Government that works and government that doesn't; Pennsylvanians saw both this week

Pennsylvanians recently got to see the two sides of Harrisburg.

First, the positive side. Months after the state Senate overwhelmingly passed legislation to legalize medical marijuana in Pennsylvania, a large bipartisan majority of representatives were able to use the persistent pressure and advocacy of thousands of patients and families to finally pass a similar bill in the House.

Success came only after supporters were able to overcome months of obstruction by a few powerful legislators who opposed the bill. It was a great example of legislators working in a bipartisan fashion to pass commonsense -- and in this case compassionate -- legislation that will relieve suffering and benefit tens of thousands of Pennsylvania citizens.

Important work remains to be done; the House and Senate versions of the bill still have to be aligned before the governor signs it, but Pennsylvania finally seems ready to enact a legal, well-controlled and effective medical marijuana program that will allow many doctors to provide the help their patients need.

Unfortunately, the latest budget action this week also demonstrated the worst side of Harrisburg…the part that increasingly seems broken.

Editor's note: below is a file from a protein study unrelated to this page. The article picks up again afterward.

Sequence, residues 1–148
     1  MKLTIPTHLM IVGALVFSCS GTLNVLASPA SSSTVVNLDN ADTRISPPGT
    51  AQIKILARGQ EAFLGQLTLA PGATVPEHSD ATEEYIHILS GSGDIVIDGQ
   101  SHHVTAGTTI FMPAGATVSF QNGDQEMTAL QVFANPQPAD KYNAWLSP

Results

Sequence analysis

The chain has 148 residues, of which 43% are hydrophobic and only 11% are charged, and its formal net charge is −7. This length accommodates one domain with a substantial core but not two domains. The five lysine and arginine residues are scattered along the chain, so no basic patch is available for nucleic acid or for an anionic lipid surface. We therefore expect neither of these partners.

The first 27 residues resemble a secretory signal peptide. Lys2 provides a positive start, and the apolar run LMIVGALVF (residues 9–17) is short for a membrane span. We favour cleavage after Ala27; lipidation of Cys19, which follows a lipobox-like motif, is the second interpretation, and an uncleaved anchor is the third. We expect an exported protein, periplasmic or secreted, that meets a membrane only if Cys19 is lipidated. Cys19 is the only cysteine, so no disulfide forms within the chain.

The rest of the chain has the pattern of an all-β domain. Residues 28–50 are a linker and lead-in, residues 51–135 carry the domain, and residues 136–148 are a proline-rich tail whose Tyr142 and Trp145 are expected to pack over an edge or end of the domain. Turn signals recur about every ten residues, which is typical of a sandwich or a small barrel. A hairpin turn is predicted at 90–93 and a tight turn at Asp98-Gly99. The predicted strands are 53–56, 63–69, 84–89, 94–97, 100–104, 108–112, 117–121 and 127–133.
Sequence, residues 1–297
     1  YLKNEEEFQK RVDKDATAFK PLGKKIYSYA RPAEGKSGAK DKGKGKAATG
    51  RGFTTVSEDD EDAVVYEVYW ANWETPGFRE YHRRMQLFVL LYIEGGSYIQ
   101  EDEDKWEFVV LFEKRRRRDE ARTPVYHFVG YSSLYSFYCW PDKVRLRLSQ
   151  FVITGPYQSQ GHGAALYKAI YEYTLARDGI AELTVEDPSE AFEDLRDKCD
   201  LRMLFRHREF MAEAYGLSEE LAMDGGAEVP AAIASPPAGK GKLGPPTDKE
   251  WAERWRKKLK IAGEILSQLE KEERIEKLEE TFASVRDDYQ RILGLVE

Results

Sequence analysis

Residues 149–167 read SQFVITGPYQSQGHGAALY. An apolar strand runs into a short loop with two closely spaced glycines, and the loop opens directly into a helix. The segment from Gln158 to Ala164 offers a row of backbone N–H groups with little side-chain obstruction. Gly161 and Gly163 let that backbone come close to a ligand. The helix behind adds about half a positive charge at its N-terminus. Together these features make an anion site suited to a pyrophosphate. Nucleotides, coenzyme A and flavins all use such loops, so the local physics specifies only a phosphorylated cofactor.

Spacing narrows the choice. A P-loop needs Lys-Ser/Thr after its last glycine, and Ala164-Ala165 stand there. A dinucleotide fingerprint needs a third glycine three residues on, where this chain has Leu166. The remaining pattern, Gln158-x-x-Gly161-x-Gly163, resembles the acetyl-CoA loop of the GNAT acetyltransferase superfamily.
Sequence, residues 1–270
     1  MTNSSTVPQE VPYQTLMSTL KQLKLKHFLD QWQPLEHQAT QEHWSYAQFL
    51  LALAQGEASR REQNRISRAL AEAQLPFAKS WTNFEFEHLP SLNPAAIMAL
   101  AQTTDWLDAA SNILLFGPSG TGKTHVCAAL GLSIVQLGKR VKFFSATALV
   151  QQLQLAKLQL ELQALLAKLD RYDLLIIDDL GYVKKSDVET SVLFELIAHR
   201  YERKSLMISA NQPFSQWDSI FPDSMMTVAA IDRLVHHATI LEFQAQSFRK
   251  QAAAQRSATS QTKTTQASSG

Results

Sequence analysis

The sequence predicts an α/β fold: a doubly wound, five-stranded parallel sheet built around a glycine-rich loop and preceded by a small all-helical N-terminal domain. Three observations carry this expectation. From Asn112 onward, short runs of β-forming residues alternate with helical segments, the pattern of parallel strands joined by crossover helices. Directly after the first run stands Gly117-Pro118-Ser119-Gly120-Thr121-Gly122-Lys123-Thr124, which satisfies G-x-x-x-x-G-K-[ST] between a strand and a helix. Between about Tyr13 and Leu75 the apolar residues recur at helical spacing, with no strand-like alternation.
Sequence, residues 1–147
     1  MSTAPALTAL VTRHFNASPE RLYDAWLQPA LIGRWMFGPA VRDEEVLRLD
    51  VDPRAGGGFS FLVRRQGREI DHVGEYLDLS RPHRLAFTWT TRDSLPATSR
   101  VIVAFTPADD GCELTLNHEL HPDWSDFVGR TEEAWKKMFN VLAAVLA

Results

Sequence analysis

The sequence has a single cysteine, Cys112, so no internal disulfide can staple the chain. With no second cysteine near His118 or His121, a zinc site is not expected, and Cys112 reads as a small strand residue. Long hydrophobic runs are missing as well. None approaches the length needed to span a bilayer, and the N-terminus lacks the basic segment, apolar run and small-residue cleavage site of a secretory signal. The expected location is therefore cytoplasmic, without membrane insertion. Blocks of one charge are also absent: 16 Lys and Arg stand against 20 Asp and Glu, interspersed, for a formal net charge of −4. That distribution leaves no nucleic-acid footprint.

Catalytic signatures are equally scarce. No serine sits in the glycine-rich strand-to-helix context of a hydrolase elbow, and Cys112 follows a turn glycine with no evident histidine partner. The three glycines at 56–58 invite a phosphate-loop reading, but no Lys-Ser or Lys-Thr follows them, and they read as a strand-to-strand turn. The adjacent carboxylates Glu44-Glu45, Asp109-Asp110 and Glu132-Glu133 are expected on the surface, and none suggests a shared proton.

Back in December, the House and Senate were hours away from taking the votes necessary to finalize a state budget that not only would have provided the funding needed for schools and human services, but also would have laid the foundation for sustained funding in future years, paid our bills and begun to fix the state's $2 billion structural budget deficit. As everyone remembers, that didn't happen; the speaker of the House decided to send everyone home and Republicans in the House and Senate passed an inadequate budget that was $350 million out of balance before they left.

Fast forward to this week. After three weeks of talking about compromise during the 2016-17 budget hearings, Republicans held votes on another 2015-16 spending plan they introduced without input from Democrats or the governor. This plan provides even less funding than the December spending bill and is still hundreds of millions of dollars out of balance.

It's clear the standoff needs to end. School districts across the state are starved for cash due to years of underfunding in previous budgets. Those same budgets have also made more borrowing too expensive or impossible. Several schools may be forced to close early.

House Democrats are still willing to work with Republicans and the governor in any way we can to keep schools open and meet the other pressing needs of Pennsylvanians. But we do not believe Pennsylvania can afford to enact another unbalanced budget that doesn't pay the bills and that further aggravates the structural deficit, forces more cuts, and drives school property and other local taxes higher for the foreseeable future.

As we close out a week that highlighted the two very different versions of Harrisburg, the next few weeks will be crucial in determining which one prevails over the next several years.